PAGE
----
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Re: i do not understand?

From: William Loughborough <love26@gorge.net>
Date: Wed, 28 Jul 1999 06:10:11 -0700
Message-ID: <379F0133.5C38EC8E@gorge.net>
To: Robert Neff <robneff@home.com>
CC: w3c-wai-eo@w3.org
RN:: "to share some experiences as we gear up to support..."

WL: In 1948 I worked in the engineering department of a large overseas
oil company (Bahrein Petroleum) in Manhattan. There were: 1 chief and 4
associate/assistant engineers, three engineering clerks (including me),
2 secretaries, and a "typing pool" of 4! As in the case of engineering
draftsmen, the changes in technology have radically changed this
situation and the quaint notion of a typing pool seems as remote as Mr.
Cratchett's toting numbers as an accountant's assistant.

We never said it would be easy to implement big changes in the field of
Web design and implementation, just that it is *inevitable* and
accessibility is a completely unavoidable part of that perhaps painful
process (alliteration accidental). The idea that there won't be
department-wide, branch-wide, etc. style sheets is unthinkable and that
is only one of the things that will happen. HTML and its subsequent
children will be as commonplace a prerequisite for people preparing
stuff for Webcasting as was typing for those in the pool. The tools will
be judged as much by the quality of their compliance with guidelines as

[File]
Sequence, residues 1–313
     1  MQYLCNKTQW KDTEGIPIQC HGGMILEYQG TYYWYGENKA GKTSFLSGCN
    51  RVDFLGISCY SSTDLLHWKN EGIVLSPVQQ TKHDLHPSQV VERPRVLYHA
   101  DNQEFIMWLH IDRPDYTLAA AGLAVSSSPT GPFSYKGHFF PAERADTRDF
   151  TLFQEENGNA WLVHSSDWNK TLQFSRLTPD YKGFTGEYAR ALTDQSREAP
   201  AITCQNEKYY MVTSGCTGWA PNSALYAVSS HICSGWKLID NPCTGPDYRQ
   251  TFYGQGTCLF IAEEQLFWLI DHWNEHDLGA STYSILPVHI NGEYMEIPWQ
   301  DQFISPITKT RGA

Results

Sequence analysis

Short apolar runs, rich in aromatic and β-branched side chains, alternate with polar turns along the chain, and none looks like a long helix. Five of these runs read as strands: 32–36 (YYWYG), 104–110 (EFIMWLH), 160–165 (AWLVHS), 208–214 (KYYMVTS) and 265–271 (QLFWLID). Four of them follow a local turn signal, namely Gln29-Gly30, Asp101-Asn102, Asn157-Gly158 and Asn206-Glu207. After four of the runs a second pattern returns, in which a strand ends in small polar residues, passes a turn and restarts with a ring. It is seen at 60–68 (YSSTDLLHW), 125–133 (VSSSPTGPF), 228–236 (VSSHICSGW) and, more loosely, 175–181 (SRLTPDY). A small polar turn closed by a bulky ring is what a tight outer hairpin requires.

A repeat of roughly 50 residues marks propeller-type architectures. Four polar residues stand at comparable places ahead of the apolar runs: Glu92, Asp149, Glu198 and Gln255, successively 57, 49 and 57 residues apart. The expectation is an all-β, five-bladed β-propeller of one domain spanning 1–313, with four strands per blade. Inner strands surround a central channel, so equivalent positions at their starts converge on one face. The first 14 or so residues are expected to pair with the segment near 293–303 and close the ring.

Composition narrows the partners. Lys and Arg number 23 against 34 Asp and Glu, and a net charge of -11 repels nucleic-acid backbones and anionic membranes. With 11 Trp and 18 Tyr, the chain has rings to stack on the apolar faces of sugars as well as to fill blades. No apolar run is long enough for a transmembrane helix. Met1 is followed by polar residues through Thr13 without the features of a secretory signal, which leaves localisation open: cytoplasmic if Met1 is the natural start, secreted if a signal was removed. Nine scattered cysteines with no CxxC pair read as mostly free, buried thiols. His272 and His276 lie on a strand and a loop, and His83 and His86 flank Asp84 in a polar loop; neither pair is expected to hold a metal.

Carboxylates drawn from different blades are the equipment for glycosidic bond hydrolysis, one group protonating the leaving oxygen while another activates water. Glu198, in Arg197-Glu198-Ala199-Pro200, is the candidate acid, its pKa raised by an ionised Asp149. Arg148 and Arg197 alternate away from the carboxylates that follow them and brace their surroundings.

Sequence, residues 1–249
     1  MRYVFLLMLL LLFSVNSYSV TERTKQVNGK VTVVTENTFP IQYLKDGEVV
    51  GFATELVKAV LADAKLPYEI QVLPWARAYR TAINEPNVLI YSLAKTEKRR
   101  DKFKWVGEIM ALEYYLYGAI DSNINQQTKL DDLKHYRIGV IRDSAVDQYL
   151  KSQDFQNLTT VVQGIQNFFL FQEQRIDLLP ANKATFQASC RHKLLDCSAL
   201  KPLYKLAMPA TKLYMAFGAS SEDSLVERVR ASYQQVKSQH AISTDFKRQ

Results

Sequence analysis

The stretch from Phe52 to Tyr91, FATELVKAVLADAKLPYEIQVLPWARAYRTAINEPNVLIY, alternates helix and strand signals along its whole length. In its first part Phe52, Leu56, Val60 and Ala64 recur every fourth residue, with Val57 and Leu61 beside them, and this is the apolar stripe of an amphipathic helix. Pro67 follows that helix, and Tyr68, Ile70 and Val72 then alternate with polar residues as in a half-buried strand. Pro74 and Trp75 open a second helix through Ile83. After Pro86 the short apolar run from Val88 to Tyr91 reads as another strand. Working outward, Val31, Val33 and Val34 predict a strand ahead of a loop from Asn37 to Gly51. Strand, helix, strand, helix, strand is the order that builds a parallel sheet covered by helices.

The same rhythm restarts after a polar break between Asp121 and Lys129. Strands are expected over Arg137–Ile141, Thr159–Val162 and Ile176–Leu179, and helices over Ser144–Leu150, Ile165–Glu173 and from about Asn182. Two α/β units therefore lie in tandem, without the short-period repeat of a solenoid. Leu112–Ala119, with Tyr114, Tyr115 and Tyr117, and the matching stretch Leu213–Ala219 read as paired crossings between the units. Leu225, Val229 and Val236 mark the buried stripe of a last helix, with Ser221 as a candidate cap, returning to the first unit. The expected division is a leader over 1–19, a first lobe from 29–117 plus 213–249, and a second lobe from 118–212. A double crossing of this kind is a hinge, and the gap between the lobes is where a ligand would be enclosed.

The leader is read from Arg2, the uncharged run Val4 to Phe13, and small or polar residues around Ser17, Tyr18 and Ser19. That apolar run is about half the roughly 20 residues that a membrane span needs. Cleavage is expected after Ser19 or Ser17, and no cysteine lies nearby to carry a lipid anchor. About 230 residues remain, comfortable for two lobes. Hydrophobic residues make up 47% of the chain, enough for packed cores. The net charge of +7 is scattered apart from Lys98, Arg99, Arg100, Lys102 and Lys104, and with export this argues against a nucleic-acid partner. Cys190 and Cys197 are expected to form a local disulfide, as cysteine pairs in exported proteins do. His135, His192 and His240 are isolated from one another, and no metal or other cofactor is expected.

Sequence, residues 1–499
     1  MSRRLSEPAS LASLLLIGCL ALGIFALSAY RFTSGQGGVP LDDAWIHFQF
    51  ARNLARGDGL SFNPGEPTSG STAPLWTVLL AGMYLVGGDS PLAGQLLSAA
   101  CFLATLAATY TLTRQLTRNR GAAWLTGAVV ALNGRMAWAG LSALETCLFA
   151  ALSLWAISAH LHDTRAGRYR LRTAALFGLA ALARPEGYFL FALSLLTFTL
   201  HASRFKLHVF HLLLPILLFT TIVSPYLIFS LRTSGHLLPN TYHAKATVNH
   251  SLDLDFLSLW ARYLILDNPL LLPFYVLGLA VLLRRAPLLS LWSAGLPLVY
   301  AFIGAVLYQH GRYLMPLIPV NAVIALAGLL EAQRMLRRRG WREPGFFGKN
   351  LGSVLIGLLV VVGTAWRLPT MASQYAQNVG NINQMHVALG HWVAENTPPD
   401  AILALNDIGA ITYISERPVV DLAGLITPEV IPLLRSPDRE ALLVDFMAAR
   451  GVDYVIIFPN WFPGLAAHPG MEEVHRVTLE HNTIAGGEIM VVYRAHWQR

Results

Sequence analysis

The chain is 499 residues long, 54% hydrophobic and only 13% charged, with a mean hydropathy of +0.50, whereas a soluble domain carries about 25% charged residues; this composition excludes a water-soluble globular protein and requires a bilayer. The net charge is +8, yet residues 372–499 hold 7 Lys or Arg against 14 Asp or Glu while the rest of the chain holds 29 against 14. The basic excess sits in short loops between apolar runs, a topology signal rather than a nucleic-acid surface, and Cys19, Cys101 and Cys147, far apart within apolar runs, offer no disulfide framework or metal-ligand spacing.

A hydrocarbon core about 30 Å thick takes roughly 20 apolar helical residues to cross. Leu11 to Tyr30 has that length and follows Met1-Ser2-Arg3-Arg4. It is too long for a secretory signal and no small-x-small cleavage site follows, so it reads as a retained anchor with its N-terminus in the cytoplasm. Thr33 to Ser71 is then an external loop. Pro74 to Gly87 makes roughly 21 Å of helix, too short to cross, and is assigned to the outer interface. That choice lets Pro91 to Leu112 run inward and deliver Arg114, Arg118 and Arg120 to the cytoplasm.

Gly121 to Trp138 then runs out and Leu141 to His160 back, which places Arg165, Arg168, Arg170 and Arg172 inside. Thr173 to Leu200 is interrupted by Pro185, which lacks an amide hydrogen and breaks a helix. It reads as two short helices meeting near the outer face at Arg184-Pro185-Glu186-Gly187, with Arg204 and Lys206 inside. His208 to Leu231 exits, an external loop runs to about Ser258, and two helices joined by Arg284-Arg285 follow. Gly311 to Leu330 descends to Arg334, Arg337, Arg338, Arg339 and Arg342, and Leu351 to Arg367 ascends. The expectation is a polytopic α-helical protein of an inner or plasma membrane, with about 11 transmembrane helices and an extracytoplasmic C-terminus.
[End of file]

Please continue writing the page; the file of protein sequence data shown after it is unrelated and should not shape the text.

with their ease of use. 

****Conformance will be as routine as spell-checking.****

Right now it might seem that this all just too much for the people
presently doing these jobs, but none of us would qualify for Cratchett's
position and he wouldn't be too hot with a spreadsheet. Your concerns
are well noted and sympathized with, but we must lay sound criteria
(guidelines, checkpoints, and techniques) for accessibility or the Web
will continue to be, as it is now, almost totally out of touch with its
potential for "everyone, everything connected". There will be
frame/table formatters who are the "Luddites" of universal design, but
not for all that long. 

At E & O we must palliate this process so that someone who laboriously
learned to use now deprecated means of presentation won't feel too
sorely displaced from having misplaced her education. It is a process
that is not without pain, but it will happen, in fact is happening.
-- 
Love.
            ACCESSIBILITY IS RIGHT - NOT PRIVILEGE
http://dicomp.pair.com
Received on Wednesday, 28 July 1999 09:10:08 GMT

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